The Stone Roses had a style all their own. Lead guitarist John Squire was also an amateur painter and was pretty enamored with Jackson Pollock.
The Stone Roses had a style all their own. Lead guitarist John Squire was also an amateur painter and was pretty enamored with Jackson Pollock.

Will the Stone Roses' return give Gorman another shot at seeing them live?

It probably seems unlikely I would write about something other than food, but another love of mine is music.

On weekends during my short time in college I was fortunate enough to have my best friend, Milwaukee native Kurt Meister, bring me in on his weekend radio show to co-host with him.

It was a great experience we had no format and it was a small technical school with few restrictions. We chose our own format and on Sunday afternoons we played "alternative" music long before the term was invented, a college music show affectionately named after an R.E.M. song – The Bandwagon. The best part about it was we discovered music before it hit the airwaves. The station was littered with promotional albums everywhere.

One band that Kurt and I discovered were from Manchester, England – The Stone Roses. They were unlike anything we were familiar with. They sang melodies and were incredibly talented musicians. They didn't pass off shoddy musicianship as "art."

Their sound was heavily influenced by Jimi Hendrix, with melodies and harmonies reminiscent of something from the '60s. Their music had soul and rhythm, things you weren't hearing on the radio. They were a rock band in the true sense with a charismatic lead singer channeling the German '70s band Can, they had drum solos, 10-minute jam sessions, maracas and bell bottoms (I know what you are thinking but, they made the pants work and no, I never owned a pair).

With a splash of arrogance they reaffirmed the belief that rock and roll was not dead. One of their most popular tracks – "Fool's Gold" – hints that they were on to something truly genius.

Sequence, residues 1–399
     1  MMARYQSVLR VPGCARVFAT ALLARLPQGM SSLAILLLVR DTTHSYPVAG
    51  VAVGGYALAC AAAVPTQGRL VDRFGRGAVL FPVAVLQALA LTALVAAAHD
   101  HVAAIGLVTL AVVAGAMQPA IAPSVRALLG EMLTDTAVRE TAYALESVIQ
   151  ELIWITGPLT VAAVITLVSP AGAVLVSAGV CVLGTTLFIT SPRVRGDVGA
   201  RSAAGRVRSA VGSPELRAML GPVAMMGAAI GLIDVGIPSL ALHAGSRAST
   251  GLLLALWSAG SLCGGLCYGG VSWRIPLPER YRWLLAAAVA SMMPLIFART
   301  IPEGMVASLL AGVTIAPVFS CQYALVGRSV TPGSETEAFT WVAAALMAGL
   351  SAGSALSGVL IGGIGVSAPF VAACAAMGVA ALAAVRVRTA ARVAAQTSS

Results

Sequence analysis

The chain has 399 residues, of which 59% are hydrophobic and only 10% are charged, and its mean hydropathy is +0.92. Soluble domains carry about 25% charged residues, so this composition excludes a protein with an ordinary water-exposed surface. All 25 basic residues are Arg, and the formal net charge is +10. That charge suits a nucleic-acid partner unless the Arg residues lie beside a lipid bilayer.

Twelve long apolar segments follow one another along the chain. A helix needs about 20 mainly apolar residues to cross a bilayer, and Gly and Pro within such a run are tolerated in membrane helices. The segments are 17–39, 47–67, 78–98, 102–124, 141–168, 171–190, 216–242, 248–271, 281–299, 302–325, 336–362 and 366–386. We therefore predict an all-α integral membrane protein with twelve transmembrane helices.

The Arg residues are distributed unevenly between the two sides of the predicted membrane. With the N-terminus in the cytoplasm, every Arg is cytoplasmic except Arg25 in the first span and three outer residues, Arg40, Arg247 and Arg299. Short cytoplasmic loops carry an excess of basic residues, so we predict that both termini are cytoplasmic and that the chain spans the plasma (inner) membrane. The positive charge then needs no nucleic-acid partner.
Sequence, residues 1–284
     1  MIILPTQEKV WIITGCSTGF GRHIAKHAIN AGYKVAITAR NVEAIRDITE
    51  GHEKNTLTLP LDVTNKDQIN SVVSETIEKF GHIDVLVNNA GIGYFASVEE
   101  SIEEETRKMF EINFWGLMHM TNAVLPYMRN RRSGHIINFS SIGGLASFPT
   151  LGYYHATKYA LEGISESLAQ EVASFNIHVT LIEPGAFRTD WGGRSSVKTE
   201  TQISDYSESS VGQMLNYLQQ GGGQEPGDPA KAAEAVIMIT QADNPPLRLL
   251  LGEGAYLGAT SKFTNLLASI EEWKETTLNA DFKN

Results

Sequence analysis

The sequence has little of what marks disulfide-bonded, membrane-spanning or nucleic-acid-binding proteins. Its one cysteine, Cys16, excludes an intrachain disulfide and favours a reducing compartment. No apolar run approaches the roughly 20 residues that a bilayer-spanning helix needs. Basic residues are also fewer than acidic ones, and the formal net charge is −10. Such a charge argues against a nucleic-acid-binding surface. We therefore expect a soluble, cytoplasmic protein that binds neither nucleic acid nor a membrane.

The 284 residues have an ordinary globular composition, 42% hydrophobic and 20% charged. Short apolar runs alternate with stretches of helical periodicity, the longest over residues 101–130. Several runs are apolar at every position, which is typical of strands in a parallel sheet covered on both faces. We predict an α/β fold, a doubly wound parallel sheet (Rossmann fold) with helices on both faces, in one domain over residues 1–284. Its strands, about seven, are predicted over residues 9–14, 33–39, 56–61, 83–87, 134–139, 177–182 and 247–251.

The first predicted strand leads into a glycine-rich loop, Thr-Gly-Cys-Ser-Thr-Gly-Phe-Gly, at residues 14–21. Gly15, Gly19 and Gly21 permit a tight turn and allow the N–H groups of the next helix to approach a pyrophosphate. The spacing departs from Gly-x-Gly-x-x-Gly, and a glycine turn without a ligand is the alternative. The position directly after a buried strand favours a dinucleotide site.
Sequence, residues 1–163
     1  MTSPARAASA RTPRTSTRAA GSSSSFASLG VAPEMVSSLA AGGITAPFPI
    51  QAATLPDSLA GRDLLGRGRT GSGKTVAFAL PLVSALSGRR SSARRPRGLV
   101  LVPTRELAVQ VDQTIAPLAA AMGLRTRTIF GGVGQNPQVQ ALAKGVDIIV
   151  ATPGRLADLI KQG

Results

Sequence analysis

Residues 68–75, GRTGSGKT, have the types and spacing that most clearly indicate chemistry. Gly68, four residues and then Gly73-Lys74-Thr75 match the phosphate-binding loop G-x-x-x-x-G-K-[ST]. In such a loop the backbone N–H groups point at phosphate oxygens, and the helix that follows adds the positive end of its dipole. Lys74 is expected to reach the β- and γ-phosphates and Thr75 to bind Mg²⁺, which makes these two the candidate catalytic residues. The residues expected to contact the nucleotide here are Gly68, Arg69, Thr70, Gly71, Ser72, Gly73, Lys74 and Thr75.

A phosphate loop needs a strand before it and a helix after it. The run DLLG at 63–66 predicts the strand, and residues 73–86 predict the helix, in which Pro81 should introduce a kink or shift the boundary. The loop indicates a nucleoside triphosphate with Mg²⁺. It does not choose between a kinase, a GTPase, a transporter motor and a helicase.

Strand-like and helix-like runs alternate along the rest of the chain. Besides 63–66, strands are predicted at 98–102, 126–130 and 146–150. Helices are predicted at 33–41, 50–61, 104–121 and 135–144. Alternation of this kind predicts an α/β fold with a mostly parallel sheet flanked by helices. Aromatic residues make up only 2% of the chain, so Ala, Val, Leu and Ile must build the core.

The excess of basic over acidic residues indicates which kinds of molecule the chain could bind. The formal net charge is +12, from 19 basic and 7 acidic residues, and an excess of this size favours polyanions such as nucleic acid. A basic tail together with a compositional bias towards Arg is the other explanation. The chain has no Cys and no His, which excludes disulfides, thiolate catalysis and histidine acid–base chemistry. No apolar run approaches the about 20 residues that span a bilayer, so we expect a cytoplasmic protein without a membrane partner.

They had a style all their own. Lead guitarist John Squire was also an amateur painter and was pretty enamored with Jackson Pollock. Not only did Squire paint all their album and single covers, he splatter painted, Pollock-style, all their instruments.

However, The Stone Roses only released two albums before inner turmoil and long legal b…


A chat with Braise's Dave Swanson

For the fifth straight year, October is Dining Month on All month, we're stuffed with restaurant reviews, delectable features, chef profiles and unique articles on everything food, as well as the winners of our "Best of Dining 2011."

I recently had a great conversation with local food pioneer, friend and celebrity chef David Swanson. His on-the-go cooking school is about to have a more permanent residence with the opening of his new restaurant, Braise

Here's what he has to say about it. David, you have been an innovative chef in Milwaukee for many years how would best describe your style of cooking?

Dave Swanson: Seasonal, balanced, simple flavors combined well. American cuisine.

OMC: Who was your biggest influence on your cooking?

DS: Having come up through the ranks in French kitchens with inspiration from masters chefs such as the famous Jean Banchet, those classic French cooking techniques are part of how I cook today, award-winning chef Suzanne Goin – owner of four successful restaurants in L.A. – her very simple approach to food is very unique, Gabrielle Hamilton of Prune restaurant in New York City. Her food is very straightforward, but done very well.

OMC: What cuisine excites you the most?

DS: It depends if I'm cooking it or eating it. If I'm eating it has to be Mexican food. If I'm cooking I have always been intrigued by Asian culture and cuisine. Vietnamese and Thai are very interesting to me. But far as what I enjoy cooking I really love the American palette. I love learning regional American foods, whether it's Pennsylvania Dutch, Mid-Atlantic, the Southwest, its really kind of nice having those influences there, as well.

OMC: A lot of people have heard about Braise RSA but for those that haven't, can you explain what an RSA is?

DS: RSA stands for Restaurant Supported Agriculture. It's collaboration between chefs and farmers. It's where a group of chefs can get together to source food locally; it…